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Street Grades

streets, blocks, cent, grade, pavement and desirable

STREET GRADES.

The grades of city streets necessarily depend mainly upon the topography of the site. Wherever possible, it is desirable that grades be uniform between cross streets.

In establishing grades for new streets through unim proved property, they may usually be laid with refer ence only to obtaining the most desirable gradients for the street within a proper limit of cost. But where improvements have already been made, and located with reference to the natural surface of the ground, it is frequently a matter of extreme difficulty to give a desirable grade to the streets without injury to adjoin ing properties. In such cases it becomes a question of how far individual interests shall be sacrificed to the general good. It may be said in this connection that adjustments to new grades are usually accomplished much more easily than would be anticipated, and when accomplished the possession of a desirable grade is of very considerable value to adjoining property.. Too great timidity should not, therefore, be felt in regard to making necessary changes because of the fear of in juring property in the locality.

Where a grade if made continuous between inter secting streets would be nearly level, it is frequently necessary to put a summit in the middle of the block and give a light gradient downward in each direction to the cross streets in order to provide for surface drain age. The amount of slope necessary to provide for proper drainage depends upon the character of the sur face and smoothness of the gutter. For a surface of earth or macadam the slope should not be less than about i in ioo, and for paved streets from i in 200 to z in 250.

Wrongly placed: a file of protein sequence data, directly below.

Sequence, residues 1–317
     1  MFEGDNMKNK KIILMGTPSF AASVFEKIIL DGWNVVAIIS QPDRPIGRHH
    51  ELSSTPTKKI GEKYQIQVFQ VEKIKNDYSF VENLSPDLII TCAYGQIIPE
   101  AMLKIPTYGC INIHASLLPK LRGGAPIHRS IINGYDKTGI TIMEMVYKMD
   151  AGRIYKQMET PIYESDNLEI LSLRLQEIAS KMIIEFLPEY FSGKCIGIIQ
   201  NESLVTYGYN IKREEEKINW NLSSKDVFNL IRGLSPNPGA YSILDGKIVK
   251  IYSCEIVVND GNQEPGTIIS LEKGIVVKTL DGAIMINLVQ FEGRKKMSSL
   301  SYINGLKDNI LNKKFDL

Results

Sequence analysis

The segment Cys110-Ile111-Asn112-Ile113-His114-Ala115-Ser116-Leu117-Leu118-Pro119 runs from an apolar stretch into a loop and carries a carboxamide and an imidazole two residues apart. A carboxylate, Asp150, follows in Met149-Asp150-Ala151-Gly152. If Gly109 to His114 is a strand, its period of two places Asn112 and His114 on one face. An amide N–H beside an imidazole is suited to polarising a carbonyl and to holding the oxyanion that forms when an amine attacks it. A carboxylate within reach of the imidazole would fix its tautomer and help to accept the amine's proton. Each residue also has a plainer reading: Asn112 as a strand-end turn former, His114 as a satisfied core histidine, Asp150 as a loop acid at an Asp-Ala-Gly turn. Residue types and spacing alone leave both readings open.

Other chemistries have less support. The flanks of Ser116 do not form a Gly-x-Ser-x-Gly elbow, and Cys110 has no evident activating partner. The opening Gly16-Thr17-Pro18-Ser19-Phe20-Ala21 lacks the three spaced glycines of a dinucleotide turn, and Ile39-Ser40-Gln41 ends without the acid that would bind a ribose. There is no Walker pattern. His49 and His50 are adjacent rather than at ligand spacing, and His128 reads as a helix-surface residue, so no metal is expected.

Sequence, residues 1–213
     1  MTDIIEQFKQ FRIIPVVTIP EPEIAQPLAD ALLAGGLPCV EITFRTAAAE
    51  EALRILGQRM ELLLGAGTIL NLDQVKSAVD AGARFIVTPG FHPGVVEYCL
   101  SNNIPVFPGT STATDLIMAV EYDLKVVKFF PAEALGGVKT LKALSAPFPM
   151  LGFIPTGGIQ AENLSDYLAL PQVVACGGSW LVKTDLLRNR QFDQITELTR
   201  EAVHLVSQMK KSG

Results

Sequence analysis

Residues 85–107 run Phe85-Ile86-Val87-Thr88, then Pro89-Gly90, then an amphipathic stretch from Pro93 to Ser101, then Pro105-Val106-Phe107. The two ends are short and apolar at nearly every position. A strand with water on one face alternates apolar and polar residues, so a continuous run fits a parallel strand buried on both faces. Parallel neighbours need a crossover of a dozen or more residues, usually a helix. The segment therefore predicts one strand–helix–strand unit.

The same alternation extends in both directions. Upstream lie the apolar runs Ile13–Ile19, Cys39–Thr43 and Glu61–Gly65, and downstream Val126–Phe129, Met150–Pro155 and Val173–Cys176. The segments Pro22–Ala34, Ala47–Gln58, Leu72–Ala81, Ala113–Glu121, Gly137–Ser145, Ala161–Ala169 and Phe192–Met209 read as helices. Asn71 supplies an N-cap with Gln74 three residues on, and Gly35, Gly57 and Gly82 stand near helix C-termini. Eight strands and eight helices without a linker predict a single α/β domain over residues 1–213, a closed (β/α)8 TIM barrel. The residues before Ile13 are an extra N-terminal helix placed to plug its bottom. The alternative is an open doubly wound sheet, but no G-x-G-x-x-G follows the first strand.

In some cases it may be possible to give sufficient slope to gutters to carry off the surface-water by mak ing the gutter deeper at the ends than in the middle of the block without making a summit in the crown of the street. The curb in such case would be made

level or of uniform gradient.

It may frequently be necessary to consider the effect of grade in determining the character of pave ment to be employed upon a street. Asphalt is com monly limited to grades of 4 or 5 per cent, although some engineers use it on 6 or 7 per cent grades. Brick is commonly used on grades up to about 8 per cent, and in some places has given satisfactory service on io per cent grades. Wide joints, about I inch, are some times used in brick pavements on steep streets, in order to afford a better foothold for horses. This, however, in other instances appears to be unnecessary, provided the pavement is kept clean and in good condition.

Wood blocks may safely be used on grades of 5 or 6 per cent, while smooth stone blocks are employed in about the same manner as bricks, being if anything a little more slippery than bricks. Stone blocks of some what rough character are successfully used in some instances on grades of 12 or 13 per cent.

In a report on the streets of Duluth in 1890, Messrs. Rudolph Hering and Andrew Rosewater recommend for steep streets, in addition to the above, that brick may be used in which the tops are rounded, and that wood blocks for such use have their upper edges cham fered on each side, or if round blocks be used, around the blocks. Subsequent experience has, however, seemed to indicate that, except in extreme cases, such special construction is not necessary.

On the streets too steep for smooth pavement it is not unusual to pave part of the street width with a smooth pavement, like asphalt, and the remainder with stone blocks or some rough pavement for use in slippery weather.